Advise patient to stop taking drug and immediately report sudden severe pain in shoulder, hand, or Achilles tendon.

• Caution patient to avoid driving and other hazardous activities until he knows how drug affects concentration and alertness.

• As appropriate, review all other significant and life-threatening adverse reactions and interactions, especially those related to the drugs, tests, and behaviors mentioned above.

McGraw-Hill Nurse's Drug Handbook, 7th Ed. Copyright © 2013 by The McGraw-Hill Companies, Inc. All rights reserved


(gem-i-flox-a-sin) ,


(trade name)


Therapeutic: anti infectives
Pharmacologic: fluoroquinolones
Pregnancy Category: C


Treatment of the following bacterial respiratory infections: :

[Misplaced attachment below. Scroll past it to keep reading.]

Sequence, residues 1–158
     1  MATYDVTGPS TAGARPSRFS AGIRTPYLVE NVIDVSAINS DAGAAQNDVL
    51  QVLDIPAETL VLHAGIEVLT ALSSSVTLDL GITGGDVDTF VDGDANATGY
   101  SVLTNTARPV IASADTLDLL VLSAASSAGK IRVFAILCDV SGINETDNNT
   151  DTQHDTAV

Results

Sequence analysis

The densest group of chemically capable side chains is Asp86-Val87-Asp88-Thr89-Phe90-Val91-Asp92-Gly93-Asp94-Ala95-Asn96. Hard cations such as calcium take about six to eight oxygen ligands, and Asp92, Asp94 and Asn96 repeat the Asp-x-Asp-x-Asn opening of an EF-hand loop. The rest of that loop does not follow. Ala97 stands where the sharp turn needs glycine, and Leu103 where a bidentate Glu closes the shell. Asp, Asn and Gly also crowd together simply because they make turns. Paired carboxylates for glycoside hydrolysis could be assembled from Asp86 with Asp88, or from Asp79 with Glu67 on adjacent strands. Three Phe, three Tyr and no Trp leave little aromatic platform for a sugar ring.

• Acute bacterial exacerbations of chronic bronchitis,
  • Community-acquired pneumonia.


Inhibits bacterial DNS synthesis by inhibiting DNA gyrase enzyme.

Therapeutic effects

Death of susceptible bacteria resulting in resolution of infection.
Active against gram-positive pathogens including:
  • Streptococcus pneumoniae.
Gram-negative spectrum notable for:
  • Klebsiella pneumoniae,
  • Haemophilus influenzae,
  • Haemophilus parainfluenzae,
  • Moraxella catarrhalis.
Additional spectrum includes:
  • Chlamydophylia pnaumoniae,
  • Mycoplasma pneumoniae.


Absorption: 71% absorbed following oral administration.
Distribution: Widely distributed; penetrates lung tissue and fluids well.
Metabolism and Excretion: Minimal metabolism; 61% excreted unchanged in feces, 36% excreted unchanged in urine.
Half-life: 7 hr.

Time/action profile (blood levels)

POrapid0.5–2 hr24 hr